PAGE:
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Hiring managers see thousands upon thousands of resumes every year. That’s why job seekers have to stand out in a crowd if they are  harboring any hope they’ll be hired.

When you’re writing a resume, what you don’t know can hurt you. John Kalusa is a nationally recognized writer who speaks about corporate sales, recruiting, and personal career management. With over 25 years of experience as a strategic recruiting, human resources, and sales and marketing management leader in start-ups and Fortune 250 companies, he’s well qualified to comment on what hiring managers want to see — and what they DON’T want to see.

Mistake #1: Failing to highlight your strengths

Too many job seekers fail to incorporate a direct match between what you offer and the employer’s requirements. After all, your resume isn’t just about you. You want the recruiter or interviewer to say “Hey, we should talk to this person!” Once you’ve covered all the bases, Kalusa says “If you have room left, add statements to highlight your added value. Be hard on yourself and try to be as objective as possible.”

“For each of the requirements or position responsibilities, try to match your past experiences or skills to those requirements. Write the bullet point so it comes across as more than just a description of your activity. Try to think like the hiring manager. What is the problem they are trying to solve? How can you concisely say that you have the experience to solve their problem or deliver the value they seek?”

Mistake #2: Applying to jobs even if you’re not qualified

Don’t apply if you aren’t qualified. Period. End of story.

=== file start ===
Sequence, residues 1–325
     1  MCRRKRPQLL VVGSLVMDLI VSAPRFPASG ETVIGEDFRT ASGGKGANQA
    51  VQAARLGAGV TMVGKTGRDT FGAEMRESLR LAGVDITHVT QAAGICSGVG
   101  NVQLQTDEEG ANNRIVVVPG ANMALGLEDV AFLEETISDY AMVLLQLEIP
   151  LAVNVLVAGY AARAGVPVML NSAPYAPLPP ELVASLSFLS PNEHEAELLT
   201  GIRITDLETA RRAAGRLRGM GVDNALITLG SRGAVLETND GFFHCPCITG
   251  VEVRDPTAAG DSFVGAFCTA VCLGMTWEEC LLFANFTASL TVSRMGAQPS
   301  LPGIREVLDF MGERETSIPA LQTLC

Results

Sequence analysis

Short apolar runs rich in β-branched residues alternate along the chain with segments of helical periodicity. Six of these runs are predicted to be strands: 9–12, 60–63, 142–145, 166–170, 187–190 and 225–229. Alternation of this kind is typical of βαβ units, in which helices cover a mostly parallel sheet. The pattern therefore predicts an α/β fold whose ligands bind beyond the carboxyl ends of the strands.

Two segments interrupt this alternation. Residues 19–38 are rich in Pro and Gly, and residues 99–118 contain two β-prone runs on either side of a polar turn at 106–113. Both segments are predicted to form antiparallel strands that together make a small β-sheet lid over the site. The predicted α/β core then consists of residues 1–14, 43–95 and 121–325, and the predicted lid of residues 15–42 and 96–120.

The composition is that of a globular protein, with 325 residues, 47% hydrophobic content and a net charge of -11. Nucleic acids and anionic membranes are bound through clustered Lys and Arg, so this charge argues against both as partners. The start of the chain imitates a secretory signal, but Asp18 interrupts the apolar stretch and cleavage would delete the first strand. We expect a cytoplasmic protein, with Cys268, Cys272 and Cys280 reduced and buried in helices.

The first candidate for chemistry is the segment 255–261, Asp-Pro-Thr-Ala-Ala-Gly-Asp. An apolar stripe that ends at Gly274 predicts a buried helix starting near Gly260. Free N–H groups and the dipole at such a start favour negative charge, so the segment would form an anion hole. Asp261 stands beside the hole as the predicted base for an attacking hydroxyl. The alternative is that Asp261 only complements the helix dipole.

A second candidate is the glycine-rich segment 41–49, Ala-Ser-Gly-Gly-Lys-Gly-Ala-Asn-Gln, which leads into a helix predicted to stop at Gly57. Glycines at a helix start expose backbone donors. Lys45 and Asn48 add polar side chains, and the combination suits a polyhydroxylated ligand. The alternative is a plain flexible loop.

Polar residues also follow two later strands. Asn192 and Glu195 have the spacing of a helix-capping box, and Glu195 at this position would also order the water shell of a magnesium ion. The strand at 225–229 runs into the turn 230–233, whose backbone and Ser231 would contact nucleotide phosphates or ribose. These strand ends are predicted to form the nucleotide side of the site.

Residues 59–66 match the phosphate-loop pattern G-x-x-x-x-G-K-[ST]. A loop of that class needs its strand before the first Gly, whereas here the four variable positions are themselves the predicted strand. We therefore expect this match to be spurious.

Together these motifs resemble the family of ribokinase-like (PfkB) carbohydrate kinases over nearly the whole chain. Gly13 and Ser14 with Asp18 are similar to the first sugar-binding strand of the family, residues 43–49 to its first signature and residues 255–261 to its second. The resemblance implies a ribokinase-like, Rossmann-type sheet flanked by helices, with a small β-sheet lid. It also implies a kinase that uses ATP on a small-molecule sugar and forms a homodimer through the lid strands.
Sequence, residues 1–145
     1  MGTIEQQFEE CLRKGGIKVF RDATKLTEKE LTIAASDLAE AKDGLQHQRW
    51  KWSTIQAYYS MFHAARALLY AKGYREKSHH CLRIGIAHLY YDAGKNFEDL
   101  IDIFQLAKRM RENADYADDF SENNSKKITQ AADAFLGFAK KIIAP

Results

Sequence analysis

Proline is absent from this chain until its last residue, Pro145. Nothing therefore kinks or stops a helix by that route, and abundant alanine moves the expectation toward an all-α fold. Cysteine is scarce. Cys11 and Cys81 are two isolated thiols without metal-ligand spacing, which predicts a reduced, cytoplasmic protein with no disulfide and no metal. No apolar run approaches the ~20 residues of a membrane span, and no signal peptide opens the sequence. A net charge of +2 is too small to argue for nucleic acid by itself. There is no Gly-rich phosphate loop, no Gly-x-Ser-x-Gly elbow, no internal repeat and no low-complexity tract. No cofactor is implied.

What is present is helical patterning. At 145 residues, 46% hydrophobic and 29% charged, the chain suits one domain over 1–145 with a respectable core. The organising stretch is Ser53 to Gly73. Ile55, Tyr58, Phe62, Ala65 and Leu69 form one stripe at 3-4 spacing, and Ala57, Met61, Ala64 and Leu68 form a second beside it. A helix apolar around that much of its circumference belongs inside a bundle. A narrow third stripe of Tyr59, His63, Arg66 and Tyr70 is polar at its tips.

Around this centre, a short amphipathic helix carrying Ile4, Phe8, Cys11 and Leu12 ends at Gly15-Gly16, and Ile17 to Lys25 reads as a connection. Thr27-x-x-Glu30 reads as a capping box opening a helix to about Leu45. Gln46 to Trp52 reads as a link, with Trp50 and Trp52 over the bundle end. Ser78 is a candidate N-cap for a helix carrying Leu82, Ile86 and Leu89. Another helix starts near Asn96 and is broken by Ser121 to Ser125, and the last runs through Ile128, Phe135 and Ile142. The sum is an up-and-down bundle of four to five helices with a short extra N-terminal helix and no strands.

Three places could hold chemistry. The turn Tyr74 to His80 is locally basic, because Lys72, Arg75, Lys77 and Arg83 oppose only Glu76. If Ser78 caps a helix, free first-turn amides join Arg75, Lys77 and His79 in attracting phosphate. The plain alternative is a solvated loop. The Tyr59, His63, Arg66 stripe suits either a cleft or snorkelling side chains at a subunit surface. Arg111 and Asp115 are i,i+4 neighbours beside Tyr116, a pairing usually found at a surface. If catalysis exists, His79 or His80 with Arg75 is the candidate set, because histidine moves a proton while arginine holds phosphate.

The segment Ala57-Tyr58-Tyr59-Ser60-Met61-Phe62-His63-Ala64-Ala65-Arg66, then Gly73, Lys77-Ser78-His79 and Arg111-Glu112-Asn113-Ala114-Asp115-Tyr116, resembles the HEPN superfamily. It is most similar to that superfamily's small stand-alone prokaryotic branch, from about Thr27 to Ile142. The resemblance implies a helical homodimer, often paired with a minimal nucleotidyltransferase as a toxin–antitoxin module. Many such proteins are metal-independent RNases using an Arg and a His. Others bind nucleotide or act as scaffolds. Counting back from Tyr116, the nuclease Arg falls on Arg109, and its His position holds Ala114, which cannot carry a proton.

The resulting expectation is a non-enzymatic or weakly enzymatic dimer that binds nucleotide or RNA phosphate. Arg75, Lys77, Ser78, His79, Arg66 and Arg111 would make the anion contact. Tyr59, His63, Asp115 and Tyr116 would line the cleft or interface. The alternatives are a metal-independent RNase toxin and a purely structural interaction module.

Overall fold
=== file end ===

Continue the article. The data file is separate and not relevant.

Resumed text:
“If you aren’t nearly a 100% match for the key requirements, you will do yourself a disservice by applying,” Kalusa says. “It’s like saying, ‘I’m so glad you spent a lot of time to come up with the requirements so that you can find qualified and motivated people, but I don’t match those requirements.  But I’m certain there’s a place for me here so please look at my resume anyway because I’m sure if you do you’ll see I’m highly qualified for something.”

Mistake #3: Including outdated or irrelevant work experience

Don’t make it an encyclopedia or a run-on laundry list of everything you’ve ever done in your career.

According to Kalusa, “More is rarely better, but targeted with some flavor is always better. The rule of thumb I use is: 5 to 8 bullet points for your current/last position (depending on length), 3 to 5 for each of the positions going back 10 years and after that 1 (2 at most) for earlier positions.”

Mistake #4: Your resume is WAY too long

Recruiters and hiring managers don’t want to read a book, so make your resume easy to read.

“Think about the solutions/values/results you helped to create and deliver,” Kalusa says. “Depending on how much experience you have and how much of that experience is appropriate for the position you are applying for, two pages should be more than enough. Remember, your resume is a marketing brochure, not a catalog!”

This post originally ran on Salary.com.

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  • Gary Williams

    Four great points especially #2 too many candidates take a scatter gun approach to their job search instead of being focused.

  • http://www.igcent.com/ igcent.com

    Hmm. Good list. All of them are true.

  • http://www.hypoallergenicdogfood.blogspot.com/ Daly

    I have real trouble highlighting my strengths. Somehow, I always thought other should do that, and when I try to do it, I think that employer may find them insignificant.

    • Johnkalusa

      Daly I can certainly appreciate that it can be difficult to highlight your strengths, but think of it this way… if you’ve done your research on the company and the position, and can see the business problem they may be facing, you will be able to very directly “tell” the company what you have done previously to solve that very problem. Perhaps instead of strengths, think “what problems am I able to solve because what I’m great at?”

 

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